Many people whine that using the Electoral College instead of the popular vote and majority rule is undemocratic. I’d say that they are absolutely right. Not deciding who will be the president by majority rule is not democracy.
But the Founding Fathers went to great lengths to ensure that we were a republic and not a democracy. In fact, the word democracy does not appear in the Declaration of Independence, the Constitution, or any other of our founding documents.
How about a few quotations expressed by the Founders about democracy?
In Federalist Paper No. 10, James Madison wanted to prevent rule by majority faction, saying, “Measures are too often decided, not according to the rules of justice and the rights of the minor party, but by the superior force of an interested and overbearing majority.”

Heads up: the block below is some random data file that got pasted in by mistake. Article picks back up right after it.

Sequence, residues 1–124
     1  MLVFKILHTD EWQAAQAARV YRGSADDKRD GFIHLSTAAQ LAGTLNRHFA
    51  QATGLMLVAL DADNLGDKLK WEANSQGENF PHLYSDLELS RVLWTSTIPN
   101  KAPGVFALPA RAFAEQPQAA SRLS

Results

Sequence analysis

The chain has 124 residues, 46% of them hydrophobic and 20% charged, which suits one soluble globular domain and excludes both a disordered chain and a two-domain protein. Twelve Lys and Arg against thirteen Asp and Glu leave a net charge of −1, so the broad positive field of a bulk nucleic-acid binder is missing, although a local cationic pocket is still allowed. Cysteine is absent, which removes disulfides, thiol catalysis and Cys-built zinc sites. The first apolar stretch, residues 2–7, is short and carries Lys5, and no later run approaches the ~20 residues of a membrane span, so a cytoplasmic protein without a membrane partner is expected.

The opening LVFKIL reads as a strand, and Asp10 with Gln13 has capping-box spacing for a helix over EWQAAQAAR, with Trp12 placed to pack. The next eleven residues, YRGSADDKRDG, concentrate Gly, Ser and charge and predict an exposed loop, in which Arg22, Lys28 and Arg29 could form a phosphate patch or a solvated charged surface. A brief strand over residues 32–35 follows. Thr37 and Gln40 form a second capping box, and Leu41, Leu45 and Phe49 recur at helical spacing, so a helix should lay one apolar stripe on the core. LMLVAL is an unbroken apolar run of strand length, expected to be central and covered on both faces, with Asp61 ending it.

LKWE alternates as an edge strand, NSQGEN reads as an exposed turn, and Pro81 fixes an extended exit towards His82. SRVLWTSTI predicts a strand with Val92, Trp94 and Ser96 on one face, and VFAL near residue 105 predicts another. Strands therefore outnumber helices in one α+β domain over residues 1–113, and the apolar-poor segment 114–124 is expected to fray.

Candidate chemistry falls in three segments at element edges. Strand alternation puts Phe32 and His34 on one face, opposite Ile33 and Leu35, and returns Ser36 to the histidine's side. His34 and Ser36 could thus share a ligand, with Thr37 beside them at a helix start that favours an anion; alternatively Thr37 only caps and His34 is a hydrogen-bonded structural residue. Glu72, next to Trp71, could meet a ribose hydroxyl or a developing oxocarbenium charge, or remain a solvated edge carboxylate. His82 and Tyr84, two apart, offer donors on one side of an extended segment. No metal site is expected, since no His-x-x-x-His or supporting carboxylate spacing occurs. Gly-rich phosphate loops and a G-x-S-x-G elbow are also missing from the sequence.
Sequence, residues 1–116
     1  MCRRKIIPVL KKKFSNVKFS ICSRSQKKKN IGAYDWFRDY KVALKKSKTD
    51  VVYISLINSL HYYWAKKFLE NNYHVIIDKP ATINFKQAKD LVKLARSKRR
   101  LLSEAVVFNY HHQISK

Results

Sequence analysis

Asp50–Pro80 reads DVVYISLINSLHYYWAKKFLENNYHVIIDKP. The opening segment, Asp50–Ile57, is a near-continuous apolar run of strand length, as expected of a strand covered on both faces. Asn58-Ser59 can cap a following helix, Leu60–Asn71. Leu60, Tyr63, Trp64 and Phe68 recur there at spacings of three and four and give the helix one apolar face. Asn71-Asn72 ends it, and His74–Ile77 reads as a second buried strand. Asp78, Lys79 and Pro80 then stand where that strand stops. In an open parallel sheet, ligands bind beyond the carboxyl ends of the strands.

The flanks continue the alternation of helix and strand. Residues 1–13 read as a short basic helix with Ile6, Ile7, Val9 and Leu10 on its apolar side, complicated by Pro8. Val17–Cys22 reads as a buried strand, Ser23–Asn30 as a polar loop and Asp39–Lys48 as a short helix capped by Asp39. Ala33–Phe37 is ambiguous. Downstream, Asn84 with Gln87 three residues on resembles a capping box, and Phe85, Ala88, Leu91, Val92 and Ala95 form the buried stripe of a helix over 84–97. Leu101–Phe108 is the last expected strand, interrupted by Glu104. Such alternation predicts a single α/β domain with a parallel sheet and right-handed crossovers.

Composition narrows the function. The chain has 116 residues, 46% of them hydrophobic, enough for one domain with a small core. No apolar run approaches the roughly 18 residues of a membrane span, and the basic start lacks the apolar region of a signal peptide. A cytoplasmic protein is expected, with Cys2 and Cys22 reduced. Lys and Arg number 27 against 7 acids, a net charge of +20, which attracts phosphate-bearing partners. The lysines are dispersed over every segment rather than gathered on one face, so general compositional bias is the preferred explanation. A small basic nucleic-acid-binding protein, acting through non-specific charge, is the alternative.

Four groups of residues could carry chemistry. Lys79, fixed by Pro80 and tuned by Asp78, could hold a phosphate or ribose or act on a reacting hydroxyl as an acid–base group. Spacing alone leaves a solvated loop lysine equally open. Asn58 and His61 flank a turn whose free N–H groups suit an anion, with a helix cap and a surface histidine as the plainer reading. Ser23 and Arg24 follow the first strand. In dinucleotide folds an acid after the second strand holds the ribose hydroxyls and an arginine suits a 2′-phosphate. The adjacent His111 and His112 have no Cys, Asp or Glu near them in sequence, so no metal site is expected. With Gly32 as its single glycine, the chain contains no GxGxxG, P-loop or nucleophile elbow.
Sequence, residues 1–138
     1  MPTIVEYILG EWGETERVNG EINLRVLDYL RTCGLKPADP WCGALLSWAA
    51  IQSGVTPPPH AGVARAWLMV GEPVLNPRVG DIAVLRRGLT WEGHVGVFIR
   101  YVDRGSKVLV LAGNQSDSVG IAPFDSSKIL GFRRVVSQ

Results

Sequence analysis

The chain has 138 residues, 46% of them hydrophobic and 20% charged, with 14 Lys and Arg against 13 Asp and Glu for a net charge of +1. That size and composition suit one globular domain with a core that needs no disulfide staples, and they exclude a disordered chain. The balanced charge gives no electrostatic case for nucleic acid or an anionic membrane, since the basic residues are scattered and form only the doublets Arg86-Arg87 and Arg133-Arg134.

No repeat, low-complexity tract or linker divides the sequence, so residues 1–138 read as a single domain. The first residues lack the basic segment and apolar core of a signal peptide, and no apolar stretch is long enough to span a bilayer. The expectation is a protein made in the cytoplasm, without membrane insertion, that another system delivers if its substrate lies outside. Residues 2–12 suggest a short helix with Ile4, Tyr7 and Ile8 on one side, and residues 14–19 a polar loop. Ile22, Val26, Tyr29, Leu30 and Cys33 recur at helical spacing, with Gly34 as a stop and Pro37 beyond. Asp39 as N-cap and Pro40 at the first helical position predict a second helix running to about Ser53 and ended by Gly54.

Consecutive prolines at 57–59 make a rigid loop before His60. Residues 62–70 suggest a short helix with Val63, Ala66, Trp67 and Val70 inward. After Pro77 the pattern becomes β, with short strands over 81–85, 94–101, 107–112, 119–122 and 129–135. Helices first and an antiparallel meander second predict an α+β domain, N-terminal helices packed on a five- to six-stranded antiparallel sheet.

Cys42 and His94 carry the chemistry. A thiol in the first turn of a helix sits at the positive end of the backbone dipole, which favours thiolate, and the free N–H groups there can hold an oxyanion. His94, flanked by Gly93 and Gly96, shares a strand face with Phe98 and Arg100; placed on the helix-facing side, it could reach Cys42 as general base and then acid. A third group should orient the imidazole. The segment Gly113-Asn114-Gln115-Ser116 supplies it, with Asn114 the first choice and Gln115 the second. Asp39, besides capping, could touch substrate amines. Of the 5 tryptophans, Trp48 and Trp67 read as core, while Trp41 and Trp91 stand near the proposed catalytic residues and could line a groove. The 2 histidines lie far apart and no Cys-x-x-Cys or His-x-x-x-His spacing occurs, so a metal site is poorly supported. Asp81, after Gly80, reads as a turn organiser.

John Adams warned in a letter, “Remember democracy never lasts long. It soon wastes, exhausts, and murders itself. There never was a democracy yet, that did not commit suicide.”
Edmund Randolph said, “That in tracing these evils to their origin, every man had found it in the turbulence and follies of democracy.”
Then-Chief Justice John Marshall observed, “Between a balanced republic and a democracy, the difference is like that between order and chaos.”
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